When: November 21, 2013 from 9:30 a.m. – 11:30 a.m.
Doors Open: 9:15 a.m.
Where: The Archivist’s Reception Room, Room 105 in the National Archives Building
Address: 700 Pennsylvania Avenue, NW, Washington, DC
(Note: Attendees must enter through the Pennsylvania Avenue entrance.)
Space is limited. You must confirm via Eventbrite in order to attend. Please note we require one form of Government-issued photo identification (e.g. driver’s license) to gain admittance.
In anticipation of the public meeting, the Board will re-engage its followers through its blog, Transforming Classification, where it will post its ideas of some of the most important topics for prioritized declassification review and requests members of the public join in the conversation online. Be sure to stay connected to the Board’s activities and look for more information about the Board on its website: http://www.archives.gov/declassification/pidb.
The Public Interest Declassification Board will hold a public meeting the morning of Thursday, November 21, 2013.
We will include more details about the agenda, location and time of the meeting, as well as information about how to register to attend in a future blog post.
Please visit the PIDB’s website, http://www.archives.gov/declassification/pidb/, and continue to follow the PIDB’s blog, Transforming Classification, for more information about the PIDB’s activities.
Yesterday, Senate Minority Leader Mitch McConnell appointed Kenneth L. Wainstein to serve a three-year term as a member of the Public Interest Declassification Board. You can find a link to the Congressional Record announcing the appointment here. The members of the PIDB look forward to working with Mr. Wainstein as they continue their efforts to support a transformation of the security classification system.
The National Archives and Records Administration will host a “Grand Challenge to Industry” in an effort to support all Government agencies as they meet the requirements of the Managing Government Records Directive, particularly directive Goal A3.1. The goal of the industry day is for agency officials and industry leaders to collaborate in laying the “groundwork for a future of superior information management for agency and public access.”
The one-day workshop is an opportunity for vendors to “better understand the Federal information management vision, requirements, priorities, and business opportunities.” Senior Government leaders are asking industry leaders to create affordable automated solutions for managing government information. There will be information about a forthcoming Request For Information (RFI) and an opportunity for industry to ask questions.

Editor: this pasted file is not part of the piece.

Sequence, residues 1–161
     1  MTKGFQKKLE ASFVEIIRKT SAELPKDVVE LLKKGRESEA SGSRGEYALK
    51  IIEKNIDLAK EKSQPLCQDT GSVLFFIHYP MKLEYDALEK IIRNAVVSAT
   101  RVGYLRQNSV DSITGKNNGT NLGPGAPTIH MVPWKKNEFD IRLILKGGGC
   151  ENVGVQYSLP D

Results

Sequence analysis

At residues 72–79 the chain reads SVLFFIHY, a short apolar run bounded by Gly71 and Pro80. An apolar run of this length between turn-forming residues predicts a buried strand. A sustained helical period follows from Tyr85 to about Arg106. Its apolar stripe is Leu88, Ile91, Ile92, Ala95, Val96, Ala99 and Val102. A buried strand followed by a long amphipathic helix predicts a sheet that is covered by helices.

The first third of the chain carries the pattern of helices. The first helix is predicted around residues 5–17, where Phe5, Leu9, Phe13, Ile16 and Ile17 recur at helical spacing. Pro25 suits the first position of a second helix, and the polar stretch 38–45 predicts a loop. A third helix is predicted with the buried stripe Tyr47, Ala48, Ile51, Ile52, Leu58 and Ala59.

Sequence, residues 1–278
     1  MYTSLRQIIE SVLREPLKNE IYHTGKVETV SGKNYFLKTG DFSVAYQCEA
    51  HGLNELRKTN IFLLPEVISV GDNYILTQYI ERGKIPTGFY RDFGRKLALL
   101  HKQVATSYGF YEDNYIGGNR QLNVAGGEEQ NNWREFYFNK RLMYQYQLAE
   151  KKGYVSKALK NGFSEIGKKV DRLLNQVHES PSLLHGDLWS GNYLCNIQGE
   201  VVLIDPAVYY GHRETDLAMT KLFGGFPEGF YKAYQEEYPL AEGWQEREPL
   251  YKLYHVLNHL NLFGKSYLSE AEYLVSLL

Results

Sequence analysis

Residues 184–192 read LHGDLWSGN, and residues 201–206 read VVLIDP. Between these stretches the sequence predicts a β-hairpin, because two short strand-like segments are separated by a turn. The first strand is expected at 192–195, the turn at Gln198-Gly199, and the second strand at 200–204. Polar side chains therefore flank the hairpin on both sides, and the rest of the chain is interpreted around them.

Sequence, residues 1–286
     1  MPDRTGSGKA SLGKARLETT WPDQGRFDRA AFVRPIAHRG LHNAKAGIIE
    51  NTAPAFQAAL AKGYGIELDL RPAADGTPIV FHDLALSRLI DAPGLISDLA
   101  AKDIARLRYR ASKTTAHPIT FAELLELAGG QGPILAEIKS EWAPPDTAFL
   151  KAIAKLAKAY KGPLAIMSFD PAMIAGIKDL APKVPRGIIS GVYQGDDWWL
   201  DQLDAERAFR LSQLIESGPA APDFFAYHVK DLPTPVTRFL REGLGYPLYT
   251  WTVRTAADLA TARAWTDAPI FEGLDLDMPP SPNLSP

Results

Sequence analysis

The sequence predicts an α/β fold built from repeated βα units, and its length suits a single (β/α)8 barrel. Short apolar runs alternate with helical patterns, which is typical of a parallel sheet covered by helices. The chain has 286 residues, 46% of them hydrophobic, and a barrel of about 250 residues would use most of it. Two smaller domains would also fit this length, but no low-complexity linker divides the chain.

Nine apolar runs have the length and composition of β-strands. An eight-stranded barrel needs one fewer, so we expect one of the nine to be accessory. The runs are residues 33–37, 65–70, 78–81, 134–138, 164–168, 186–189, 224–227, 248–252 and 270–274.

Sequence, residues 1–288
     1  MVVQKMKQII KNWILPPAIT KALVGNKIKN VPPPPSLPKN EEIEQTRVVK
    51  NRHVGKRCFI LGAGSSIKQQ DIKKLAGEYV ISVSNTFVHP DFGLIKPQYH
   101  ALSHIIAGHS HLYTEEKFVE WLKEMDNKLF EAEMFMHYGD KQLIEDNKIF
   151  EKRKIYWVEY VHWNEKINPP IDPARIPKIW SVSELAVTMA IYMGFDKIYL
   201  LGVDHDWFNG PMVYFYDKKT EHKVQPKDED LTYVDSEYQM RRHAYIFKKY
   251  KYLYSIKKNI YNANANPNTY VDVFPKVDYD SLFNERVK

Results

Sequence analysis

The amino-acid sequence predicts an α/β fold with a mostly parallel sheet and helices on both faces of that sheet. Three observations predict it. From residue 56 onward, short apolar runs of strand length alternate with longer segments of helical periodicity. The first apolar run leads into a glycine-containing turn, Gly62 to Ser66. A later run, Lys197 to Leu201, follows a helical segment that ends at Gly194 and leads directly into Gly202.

The PIDB supports the National Archives’ efforts to engage industry and all Government agencies in seeking technological solutions that support the goals set by the President in his Memorandum on Managing Government Records. In our 2012 Report to the President on Transforming the Security Classification System, we recommended agencies improve records management overall by supporting and advancing the government-wide information management practices found in the President’s Memorandum and its Directive. Adopting modernized business practices and piloting and implementing new technological solutions will support the President’s goal to “improve performance and promote openness and accountability” through reformed records and information management policies and practices. Improving records and information management is critical to the Government’s ability to identify and provide meaningful, long-term access to historically valuable records. Moreover, it is imperative that agencies understand their information in order to apply appropriate risk management strategies to complete timely and accurate declassification of their permanent records prior to their transfer to the National Archives. Agencies continue to use information technology systems to store their information and defining and identifying permanently valuable records in these systems becomes more complex. We believe collaboration with industry through opportunities like this “Grand Challenge” is increasingly imperative. We appreciate the recognition of this challenge by Government leaders and encourage industry to participate.
You can find more information about the “Grand Challenge to Industry” at http://www.archives.gov/records-mgmt/prmd/industry-day.html.